Few Japanese willing to state desire regarding organ donation

Kyodo, Staff

The Japan Organ Transport Network said Tuesday 15.7 percent of people recently surveyed said they have declared their will on whether or not they wish to donate their organs after brain death or cardiac death.

The figure is higher than the 11.1 percent a year earlier, but the nation’s only body arranging organ transplants between donators and recipients said the proportion still remains low.

At issue is how well the public has been informed on donating organs since a major legal revision took effect in 2010.

Since the revised law came into force, Japanese hospitals have performed 138 organ transplant operations from donors who were declared brain dead.

Among them, only 20 percent were found to have expressed their will to donate their organs if they were declared brain dead. In the rest of the cases, family members had consented to the donations.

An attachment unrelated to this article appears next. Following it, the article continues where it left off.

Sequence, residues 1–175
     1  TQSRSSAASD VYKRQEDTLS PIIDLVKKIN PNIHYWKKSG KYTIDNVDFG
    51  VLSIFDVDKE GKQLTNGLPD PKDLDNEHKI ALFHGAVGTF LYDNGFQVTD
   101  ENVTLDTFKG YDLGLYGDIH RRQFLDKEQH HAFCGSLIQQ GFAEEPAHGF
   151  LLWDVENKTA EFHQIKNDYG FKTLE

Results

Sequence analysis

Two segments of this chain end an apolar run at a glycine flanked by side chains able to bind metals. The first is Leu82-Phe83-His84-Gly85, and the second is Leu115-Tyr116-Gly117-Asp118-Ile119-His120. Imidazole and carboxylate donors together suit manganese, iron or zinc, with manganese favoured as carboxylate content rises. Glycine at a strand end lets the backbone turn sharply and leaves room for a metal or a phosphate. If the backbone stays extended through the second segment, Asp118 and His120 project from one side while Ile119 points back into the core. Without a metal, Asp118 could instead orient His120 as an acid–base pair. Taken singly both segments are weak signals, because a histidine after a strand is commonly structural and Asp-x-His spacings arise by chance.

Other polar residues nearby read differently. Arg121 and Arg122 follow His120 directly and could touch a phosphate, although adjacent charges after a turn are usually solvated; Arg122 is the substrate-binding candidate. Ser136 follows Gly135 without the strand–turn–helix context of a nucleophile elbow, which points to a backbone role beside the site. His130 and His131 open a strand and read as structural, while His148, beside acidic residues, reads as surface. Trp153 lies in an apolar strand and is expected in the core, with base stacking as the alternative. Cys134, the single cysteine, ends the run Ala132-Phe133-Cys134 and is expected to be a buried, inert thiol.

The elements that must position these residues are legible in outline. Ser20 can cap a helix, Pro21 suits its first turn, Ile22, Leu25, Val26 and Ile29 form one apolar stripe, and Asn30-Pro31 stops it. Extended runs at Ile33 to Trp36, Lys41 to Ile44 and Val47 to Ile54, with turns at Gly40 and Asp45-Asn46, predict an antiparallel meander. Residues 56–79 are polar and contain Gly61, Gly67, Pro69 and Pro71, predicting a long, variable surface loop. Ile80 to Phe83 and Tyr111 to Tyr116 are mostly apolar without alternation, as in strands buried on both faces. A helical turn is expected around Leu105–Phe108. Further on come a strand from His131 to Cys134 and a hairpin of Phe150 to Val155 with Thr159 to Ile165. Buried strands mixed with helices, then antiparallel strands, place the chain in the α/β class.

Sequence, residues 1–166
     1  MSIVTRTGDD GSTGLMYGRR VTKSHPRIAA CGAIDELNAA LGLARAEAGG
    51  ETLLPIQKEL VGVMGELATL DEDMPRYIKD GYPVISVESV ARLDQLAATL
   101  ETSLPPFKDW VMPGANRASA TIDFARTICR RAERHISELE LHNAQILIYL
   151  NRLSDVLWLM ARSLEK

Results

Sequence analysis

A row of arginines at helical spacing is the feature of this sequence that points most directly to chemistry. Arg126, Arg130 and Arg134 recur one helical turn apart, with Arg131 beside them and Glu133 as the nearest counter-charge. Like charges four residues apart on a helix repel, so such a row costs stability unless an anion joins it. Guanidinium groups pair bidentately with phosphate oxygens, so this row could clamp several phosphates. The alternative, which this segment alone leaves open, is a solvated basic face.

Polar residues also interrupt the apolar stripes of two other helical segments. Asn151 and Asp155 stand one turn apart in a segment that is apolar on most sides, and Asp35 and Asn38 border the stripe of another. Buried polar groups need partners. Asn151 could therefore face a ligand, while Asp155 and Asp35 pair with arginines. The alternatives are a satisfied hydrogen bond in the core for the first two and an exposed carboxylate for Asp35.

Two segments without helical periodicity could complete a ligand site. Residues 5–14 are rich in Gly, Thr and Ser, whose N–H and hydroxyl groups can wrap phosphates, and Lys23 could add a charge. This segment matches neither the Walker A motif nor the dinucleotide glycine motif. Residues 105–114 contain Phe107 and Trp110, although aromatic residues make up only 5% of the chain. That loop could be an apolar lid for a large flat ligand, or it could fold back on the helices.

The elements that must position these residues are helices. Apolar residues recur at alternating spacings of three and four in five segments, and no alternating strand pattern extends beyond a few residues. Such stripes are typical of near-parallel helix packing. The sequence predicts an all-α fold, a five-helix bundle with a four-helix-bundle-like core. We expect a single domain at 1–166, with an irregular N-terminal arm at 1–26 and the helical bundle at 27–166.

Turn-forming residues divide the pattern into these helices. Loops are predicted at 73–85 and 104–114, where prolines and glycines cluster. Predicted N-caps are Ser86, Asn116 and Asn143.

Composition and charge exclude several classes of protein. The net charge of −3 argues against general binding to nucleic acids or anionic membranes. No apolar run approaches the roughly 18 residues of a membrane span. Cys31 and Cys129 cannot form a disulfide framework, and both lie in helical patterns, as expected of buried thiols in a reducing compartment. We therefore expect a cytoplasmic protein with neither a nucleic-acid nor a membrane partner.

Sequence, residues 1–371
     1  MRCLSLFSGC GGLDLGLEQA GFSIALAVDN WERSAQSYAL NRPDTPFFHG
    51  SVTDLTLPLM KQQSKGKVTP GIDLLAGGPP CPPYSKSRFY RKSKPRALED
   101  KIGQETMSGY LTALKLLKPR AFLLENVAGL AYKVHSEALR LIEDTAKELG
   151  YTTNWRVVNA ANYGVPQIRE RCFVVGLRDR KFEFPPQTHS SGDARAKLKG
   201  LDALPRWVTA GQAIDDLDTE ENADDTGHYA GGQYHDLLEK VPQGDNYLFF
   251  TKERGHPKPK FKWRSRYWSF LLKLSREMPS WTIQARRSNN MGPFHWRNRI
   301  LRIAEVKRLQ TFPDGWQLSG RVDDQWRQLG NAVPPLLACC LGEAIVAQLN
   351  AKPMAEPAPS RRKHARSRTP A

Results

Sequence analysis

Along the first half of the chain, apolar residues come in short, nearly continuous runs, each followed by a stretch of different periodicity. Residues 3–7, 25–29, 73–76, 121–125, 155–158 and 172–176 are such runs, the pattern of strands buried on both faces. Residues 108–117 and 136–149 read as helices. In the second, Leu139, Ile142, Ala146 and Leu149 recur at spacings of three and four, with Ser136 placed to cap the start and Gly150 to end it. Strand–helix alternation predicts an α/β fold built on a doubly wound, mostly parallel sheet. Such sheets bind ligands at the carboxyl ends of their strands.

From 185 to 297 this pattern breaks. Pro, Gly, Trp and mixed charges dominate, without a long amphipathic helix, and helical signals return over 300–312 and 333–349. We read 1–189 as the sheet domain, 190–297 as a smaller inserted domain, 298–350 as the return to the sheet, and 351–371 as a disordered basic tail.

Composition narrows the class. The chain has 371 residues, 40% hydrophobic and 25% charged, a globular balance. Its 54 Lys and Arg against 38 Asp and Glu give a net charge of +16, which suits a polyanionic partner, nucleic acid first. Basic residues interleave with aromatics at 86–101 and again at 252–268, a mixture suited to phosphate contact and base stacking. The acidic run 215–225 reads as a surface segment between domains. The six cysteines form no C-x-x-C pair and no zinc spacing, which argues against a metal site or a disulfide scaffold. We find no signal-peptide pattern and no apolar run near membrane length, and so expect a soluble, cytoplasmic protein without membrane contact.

The network surveyed people between their teens to 60s across the country over the Internet in March. A total of 1,000 people responded.

Questions included whether they knew if they can declare their will through means including a donor card, driver’s license and health insurance card, as well as their views on organ donations in general.

Nearly 70 percent of those who have yet to express their will on the issue replied that they do not wish to donate their organs, saying they feel uncomfortable about the concept, or are unsure whether they want to donate or not.

Of those who said they have already declared their will or are thinking of doing so, 65 percent replied that they would donate their organs in the event of either brain death or cardiac death, up from 60.7 percent a year earlier.

The survey found that 36.8 percent of respondents had discussed the issue of organ donation with family members, down from 39.3 percent a year earlier.

  • Lee

    Perhaps we need a system where only registered organ donors can receive life-saving organ transplants, so if you decline to be an organ donor, you are ineligible to be a recipient.

    • Mark

      That’s a really good idea, except I guess that many organ recipients are seriously ill and would not be eligible to donate to anyone else. But for normal healthy people I think a system of reciprocity would be great.

  • 151E

    While it may raise questions regarding informed consent, studies (see R. Thaler and D. Kahneman on Nudge theory) have shown that simply making organ donation the default, from which citizens can elect to opt out, dramatically increases the number of organ donors.